Decrypted: Phantom Secure takedown a 'significant blow' against Australia's organised crime networks
A collaborative effort by Australian, US and Canada law enforcement agencies has busted a Canadian security firm for allegedly providing secure, encrypted communications to the organised crime market.
Phantom Secure offered encrypted messaging and chat services to customers, according to its website.
However, law enforcement agencies say the company has been providing specially-designed devices for the organised crime market – and may have been the first encrypted communication platform available on a wholesale scale in Australia.
The platform was the single largest supplier to Australia's organised crime market, with approximately 10,000 devices sold in Australia alone.
Criminals were able to use Phantom Secure's services and devices to conduct unrestricted and secure communications ‘beyond the capability of law enforcement interception', a press release from the Australian Federal Police says.
“According to court documents, Phantom Secure advertised its products as impervious to decryption, wiretapping or legal third-party records requests. Phantom Secure also guaranteed the destruction of evidence contained within a device if it was compromised, either by an informant or because it fell into the hands of law enforcement,” a statement from the US Department of Justice adds.
Phantom Secure has now been dismantled by a number of law enforcement agencies, who worked together to disable the platform and the secure devices used on it.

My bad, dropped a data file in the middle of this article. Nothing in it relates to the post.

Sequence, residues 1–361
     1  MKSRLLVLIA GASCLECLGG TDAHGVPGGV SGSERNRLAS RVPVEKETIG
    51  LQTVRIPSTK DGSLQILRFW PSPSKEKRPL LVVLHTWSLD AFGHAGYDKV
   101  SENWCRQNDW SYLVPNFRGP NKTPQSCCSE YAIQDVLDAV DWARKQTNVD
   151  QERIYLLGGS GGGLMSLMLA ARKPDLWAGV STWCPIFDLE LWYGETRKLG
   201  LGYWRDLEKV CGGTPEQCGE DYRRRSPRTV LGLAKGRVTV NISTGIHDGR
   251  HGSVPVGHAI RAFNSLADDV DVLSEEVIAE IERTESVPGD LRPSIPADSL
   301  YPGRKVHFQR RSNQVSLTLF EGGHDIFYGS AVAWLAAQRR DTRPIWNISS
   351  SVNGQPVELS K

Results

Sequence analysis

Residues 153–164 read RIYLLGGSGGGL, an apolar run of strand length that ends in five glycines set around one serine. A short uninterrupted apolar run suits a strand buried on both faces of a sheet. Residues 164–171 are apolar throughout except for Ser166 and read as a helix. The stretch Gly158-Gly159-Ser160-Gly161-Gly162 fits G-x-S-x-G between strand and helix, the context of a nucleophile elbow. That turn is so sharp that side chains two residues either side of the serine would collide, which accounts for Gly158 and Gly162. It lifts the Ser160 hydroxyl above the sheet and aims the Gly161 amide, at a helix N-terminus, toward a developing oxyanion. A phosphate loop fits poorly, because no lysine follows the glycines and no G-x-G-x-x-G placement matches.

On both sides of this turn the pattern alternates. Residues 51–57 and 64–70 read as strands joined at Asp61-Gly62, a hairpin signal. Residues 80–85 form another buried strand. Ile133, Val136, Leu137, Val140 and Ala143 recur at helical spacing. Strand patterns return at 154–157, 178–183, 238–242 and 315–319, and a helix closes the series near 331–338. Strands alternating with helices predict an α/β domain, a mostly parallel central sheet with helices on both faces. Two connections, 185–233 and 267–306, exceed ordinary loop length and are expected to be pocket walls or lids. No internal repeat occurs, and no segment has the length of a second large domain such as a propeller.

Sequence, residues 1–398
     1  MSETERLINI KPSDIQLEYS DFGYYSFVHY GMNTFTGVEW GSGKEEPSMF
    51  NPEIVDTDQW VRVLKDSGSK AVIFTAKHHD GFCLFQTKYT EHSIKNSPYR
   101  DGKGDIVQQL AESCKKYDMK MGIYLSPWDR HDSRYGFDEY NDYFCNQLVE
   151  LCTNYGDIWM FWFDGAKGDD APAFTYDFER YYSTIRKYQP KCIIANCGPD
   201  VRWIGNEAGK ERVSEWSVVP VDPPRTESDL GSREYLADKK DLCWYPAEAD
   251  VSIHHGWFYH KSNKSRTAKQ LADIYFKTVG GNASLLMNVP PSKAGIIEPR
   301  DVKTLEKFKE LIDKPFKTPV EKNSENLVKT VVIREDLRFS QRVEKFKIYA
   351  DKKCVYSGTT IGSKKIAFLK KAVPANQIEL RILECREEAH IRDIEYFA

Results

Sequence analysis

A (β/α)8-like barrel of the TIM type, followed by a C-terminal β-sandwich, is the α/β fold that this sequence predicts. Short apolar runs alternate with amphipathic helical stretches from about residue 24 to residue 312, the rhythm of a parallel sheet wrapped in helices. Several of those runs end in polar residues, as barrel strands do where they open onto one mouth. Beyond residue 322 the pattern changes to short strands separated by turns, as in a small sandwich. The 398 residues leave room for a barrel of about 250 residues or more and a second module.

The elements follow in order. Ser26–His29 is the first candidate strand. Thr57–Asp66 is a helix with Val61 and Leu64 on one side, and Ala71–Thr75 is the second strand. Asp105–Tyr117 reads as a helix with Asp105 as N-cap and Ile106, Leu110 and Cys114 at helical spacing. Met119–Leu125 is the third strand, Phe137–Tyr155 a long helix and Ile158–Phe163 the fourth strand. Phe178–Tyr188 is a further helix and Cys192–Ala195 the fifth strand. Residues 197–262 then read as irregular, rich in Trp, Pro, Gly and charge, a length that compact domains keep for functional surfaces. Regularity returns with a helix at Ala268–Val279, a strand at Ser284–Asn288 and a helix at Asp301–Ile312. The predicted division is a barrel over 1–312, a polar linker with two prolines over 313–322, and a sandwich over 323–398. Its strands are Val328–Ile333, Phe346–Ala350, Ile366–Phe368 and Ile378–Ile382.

Five men, including Phantom Secure CEO Vincent Ramos, were indicted in the United States last week. Other men charged include Kim Augustus Rodd, Younes Nasri, Michael Gamboa, and Christopher Poquiz.
According to the Australian Federal Police, the men are charged with “Knowingly participated in a criminal enterprise that facilitated the transnational importation and distribution of narcotics through the sale and service of encrypted communications”.
The United States Government was also involved in the takedown through the Federal Bureau of Investigation (FBI). This is the first time the US has targeted a company and its principals for aiding and abetting criminal firms.
“The disruption of the Phantom Secure platform has been one of the most significant blows to organised crime in Australia,” comments New South Wales Crime Commission's executive director of Criminal Investigations Division, Timothy O'Connor.
Using this equipment, criminals have been able to confidently communicate securely and control and direct illicit activity like drug importations, money laundering and associated serious, often violent criminal offending, yet have remained removed from these criminal acts,” adds Australian Federal Police Assistant Commissioner of Organised Crime, Neil Gaughan.
The bust was a joint effort between the Australian Federal Police, the US Federal Bureau of Investigation, the Royal Canadian Mounted Police (RCMP), the Australian Criminal Intelligence Commission, New South Wales Crime Commission, New South Wales Police, Queensland Police, Victoria Police, South Australia Police, the Australian Taxation Office and AUSTRAC.
According to RCMP organised crime assistant commissioner Jim Gresham, the investigation is a prime example of law enforcement agencies coming together from around the world and collaborating.
“We remain committed to investigating and disrupting these illegal activities that adversely affect each of our communities.
The Australian Federal Police continues to work with the FBI, RMCP and other partners on the case. Further arrests and charges have not been ruled out.
Authorities are also aware of similar platforms, some of which have direct connections to Phantom Secure, which are also under investigation.